I explained that I would give some context into why someone like me would have so much anxiety, PTSD, OCD, Bipolar, anger, etc, etc, etc. I know, it sounds like I just picked every mental disorder a person could have and threw them together for this post.
The fact is that some or all of those conditions are a side effect or worsened by one or more of the others. For instance, the PTSD (PTSI) causes OCD and anger along with paranoia and anxiety in certain situations. So my social anxiety is worsened by my PTSD. My OCD wasn’t even a thing until I “developed” OCD and so the OCD causes even more anxiety about other things. The anger is part of the PTSD and the OCD also causes anger if I can’t get things JUST RIGHT. My social anxiety is mostly as a result of the PTSD but its also because of the Bipolar and OCD because I have no tolerance for other people doing dumb shit even when it’s something tiny like, walking too slowly down an aisle. Rage is part of PTSD and Bipolar Disorder so that’s another side effect of another condition that causes a condition.
You hear about people with PTSD and most of the time you think….soldier. Not everyone was shot at during the Iraq war or hit an IED in Afghanistan. Some people experience PTSD from things like sexual assault, animal attacks, car accidents, the death of a loved one, seeing someone get injured, seeing something scary, and the list goes on. Not everyone is built to be able to handle those things the same way. Some people are badasses and just don’t give a fuck what they see or hear. They move on with life and tell stories about it later and give the person hearing the story PTSD just because it’s so gross or scary. Sarcasm. The rest of us have something in our chemistry that has caused us to relive that event and its emotions, memories, physical and mental feelings, images, sounds, and even the surroundings.
For me, I can visualize every single inch of the area, the people, the images of the injured, the only exit out, the fires, the aftermath, the fear, the screaming, the panic, and so on. Its been 15 years and I still jump and scream at the sound of a loud noise. I still have an over exaggerated startle reflex. I still look for the table in the back of the restaurant. I still don’t like large crowds. I still even avoid running over trash in the road.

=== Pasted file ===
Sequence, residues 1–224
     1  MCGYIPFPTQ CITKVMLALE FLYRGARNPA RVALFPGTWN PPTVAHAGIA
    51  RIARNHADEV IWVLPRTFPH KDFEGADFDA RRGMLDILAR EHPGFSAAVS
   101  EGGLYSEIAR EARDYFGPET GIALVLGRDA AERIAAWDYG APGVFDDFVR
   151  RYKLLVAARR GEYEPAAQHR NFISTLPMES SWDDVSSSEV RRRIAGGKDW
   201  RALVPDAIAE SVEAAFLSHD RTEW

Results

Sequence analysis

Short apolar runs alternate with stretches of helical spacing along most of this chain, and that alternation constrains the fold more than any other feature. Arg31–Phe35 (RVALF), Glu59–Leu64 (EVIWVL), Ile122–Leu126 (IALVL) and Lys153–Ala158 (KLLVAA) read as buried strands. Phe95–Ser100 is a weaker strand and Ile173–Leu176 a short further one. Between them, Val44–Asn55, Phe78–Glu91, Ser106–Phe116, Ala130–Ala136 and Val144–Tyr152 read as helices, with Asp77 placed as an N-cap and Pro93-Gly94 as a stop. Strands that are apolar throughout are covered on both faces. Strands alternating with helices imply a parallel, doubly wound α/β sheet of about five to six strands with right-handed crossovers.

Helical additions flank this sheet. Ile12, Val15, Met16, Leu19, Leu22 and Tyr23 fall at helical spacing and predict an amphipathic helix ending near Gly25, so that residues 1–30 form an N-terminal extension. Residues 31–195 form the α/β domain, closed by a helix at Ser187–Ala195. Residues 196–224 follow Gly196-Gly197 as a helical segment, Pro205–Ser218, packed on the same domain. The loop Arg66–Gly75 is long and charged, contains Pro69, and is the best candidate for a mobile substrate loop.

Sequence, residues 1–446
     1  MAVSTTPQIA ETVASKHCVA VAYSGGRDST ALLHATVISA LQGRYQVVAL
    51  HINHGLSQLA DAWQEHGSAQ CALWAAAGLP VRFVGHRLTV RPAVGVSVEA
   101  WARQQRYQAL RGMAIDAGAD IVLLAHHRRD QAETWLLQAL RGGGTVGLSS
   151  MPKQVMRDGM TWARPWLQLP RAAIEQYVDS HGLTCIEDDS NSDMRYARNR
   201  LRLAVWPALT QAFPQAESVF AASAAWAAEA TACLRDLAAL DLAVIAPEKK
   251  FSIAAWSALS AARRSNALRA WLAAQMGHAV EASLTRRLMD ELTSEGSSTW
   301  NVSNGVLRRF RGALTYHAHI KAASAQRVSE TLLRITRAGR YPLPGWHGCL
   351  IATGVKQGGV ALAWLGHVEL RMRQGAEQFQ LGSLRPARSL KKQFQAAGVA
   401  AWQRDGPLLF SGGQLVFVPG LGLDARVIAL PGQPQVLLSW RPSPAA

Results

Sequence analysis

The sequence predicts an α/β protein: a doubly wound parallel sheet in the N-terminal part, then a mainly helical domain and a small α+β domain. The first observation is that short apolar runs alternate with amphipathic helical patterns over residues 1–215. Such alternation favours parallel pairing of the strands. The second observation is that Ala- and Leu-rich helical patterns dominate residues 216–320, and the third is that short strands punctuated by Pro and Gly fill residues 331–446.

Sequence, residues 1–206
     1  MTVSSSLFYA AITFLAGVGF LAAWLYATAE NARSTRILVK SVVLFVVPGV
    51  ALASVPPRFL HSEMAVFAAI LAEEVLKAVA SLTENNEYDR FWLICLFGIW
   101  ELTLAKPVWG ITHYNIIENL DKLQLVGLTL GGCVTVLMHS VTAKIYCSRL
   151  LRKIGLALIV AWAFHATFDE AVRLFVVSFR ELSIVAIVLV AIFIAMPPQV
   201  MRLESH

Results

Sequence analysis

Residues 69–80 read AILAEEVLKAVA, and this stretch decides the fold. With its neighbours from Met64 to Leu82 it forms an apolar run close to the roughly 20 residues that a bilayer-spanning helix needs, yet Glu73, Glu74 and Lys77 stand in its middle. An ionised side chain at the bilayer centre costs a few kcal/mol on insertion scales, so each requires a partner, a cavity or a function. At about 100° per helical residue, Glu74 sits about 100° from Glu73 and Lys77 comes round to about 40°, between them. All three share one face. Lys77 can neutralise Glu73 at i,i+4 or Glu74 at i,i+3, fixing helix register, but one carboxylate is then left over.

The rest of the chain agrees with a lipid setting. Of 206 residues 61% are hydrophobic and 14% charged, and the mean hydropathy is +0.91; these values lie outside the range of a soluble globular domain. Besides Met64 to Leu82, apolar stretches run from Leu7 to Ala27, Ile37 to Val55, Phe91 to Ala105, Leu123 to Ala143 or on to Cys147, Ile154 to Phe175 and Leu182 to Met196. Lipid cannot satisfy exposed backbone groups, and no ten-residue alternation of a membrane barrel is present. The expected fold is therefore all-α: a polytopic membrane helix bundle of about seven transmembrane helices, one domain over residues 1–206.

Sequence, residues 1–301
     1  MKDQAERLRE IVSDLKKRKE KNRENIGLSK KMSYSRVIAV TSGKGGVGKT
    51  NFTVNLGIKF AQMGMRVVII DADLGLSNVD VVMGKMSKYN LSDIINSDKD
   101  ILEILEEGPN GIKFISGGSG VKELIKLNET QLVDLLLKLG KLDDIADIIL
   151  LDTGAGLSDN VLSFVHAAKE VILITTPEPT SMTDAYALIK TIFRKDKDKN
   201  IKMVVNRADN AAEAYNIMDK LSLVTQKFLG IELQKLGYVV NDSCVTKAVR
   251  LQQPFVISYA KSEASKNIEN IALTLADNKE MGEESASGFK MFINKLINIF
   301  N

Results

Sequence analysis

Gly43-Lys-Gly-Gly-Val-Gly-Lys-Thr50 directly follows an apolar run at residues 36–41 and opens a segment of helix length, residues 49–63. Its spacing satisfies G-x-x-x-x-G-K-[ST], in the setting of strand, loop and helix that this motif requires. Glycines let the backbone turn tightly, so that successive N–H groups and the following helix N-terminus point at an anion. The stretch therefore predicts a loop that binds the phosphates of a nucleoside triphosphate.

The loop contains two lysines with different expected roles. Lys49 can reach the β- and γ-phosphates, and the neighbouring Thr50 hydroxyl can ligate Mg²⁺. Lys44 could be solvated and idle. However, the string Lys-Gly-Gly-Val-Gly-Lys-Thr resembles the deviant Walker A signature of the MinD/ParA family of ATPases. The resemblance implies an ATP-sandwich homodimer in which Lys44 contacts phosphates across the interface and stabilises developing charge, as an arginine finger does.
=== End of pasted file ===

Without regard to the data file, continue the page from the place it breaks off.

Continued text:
The symptoms don’t just go away in six months or a year. They stay with you forever, sometimes. You dream about death or that event. You lose sleep and don’t know why.
Don’t assume that soldiers are just pussies that can’t handle what they signed up for in the first place. Just because someone didn’t lose a leg or become disfigured, doesn’t mean they don’t have invisible wounds that haven’t been treated.
Take that stigma, that stereotype you have of people with different forms of anxiety and mental or emotional issues and understand that its not always many different conditions but possibly one or two conditions that cause the side effects that mimic other illnesses.
Also, if you are using the word anxiety, bipolar, depressed, OCD, or any other name for a legitimate mental/emotional condition to describe how you’re feeling in the moment, just stop.
You are not “bipolar today”. You are not OCD today. That video of the paint being smeared together doesn’t give you anxiety. You don’t have social anxiety because you’re shy. Those are words that have become so overused that the people who actually suffer from those conditions seem like they’re trying to fit into the fad of being mentally ill. Why is this a fad anyway? Why the fuck would anyone want to be bipolar?
When I see or hear someone, including my own children, use those words when I know for a fact that they are just describing a feeling for that moment in time, I correct them on the spot. Its a little insensitive and offensive to those of us who wish we could just be nervous to speak to a new person instead of sweating, heart racing, mind racing, body shaking, and the urgency to run away or actively avoid the situation. Nervous would be nice.
That is all.